carn311

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Can any of you guys recommend a physics prep book for a non calculus based course? When I took the sequence I didnt think to use one but my wife is preparing to take them herself and would like to prep.
 

DrBowtie

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carn311 said:
Can any of you guys recommend a physics prep book for a non calculus based course? When I took the sequence I didnt think to use one but my wife is preparing to take them herself and would like to prep.
I would try Schaum's Outlines for Physics
 

opmed

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"Physics Demystified" is a decent review for a non-calc based physics class. It's not the most detailed book, but it helped me re-familiarize myself with concepts in physics.
 
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carn311

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opmed said:
"Physics Demystified" is a decent review for a non-calc based physics class. It's not the most detailed book, but it helped me re-familiarize myself with concepts in physics.
The thing is she hasn't had ANY physics in the past; even at the highschool level. So, we're looking for something that can go from really basic concepts upward.
 

opmed

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carn311 said:
The thing is she hasn't had ANY physics in the past; even at the highschool level. So, we're looking for something that can go from really basic concepts upward.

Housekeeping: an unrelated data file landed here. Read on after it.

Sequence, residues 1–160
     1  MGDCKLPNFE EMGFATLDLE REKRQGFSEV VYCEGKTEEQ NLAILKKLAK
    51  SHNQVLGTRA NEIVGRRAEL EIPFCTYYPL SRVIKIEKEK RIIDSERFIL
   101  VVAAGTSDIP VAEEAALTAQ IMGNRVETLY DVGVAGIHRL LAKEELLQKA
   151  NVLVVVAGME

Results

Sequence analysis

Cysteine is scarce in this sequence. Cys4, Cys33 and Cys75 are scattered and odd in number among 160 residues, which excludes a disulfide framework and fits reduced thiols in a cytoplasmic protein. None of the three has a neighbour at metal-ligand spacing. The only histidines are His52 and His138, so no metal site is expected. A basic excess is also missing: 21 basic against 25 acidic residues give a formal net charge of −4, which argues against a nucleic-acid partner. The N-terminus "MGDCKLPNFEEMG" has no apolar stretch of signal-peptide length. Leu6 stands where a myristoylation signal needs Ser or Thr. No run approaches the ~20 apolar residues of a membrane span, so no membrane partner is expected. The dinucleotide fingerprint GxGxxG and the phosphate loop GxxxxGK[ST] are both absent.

Sorry, I didn't mean to make it sound like reading the book required any previous knowledge of physics. The book would actually be a good fit for someone who hasn't had physics before, as it goes through most of the basics of physics.
 

masterMood

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Check out Princeton Review's AP Physics B/C book.
 

magdalynaa

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Saxon physics. It's a high school textbook. You can find it on ebay for $20. Just make sure to pick up the solutions guide, also.

I had a lot of problems with physics in high school and college, and this textbook has been excellent. I could have taught myself in high school if only I had had this book!
 

anon-y-mouse

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Agree with Schaum's. Physics (at our level) is about recognizing standard types of problems and knowing how to solve them. It'll give you, say, 10 banked curve questions, and you'll learn how to solve them quickly.
 

AWhitehair

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BrettBatchelor said:
I would try Schaum's Outlines for Physics
I second this. I actually asked my professor what he recommended and this is what he suggested. I found there were a lot of closely related questions on the exams.
 
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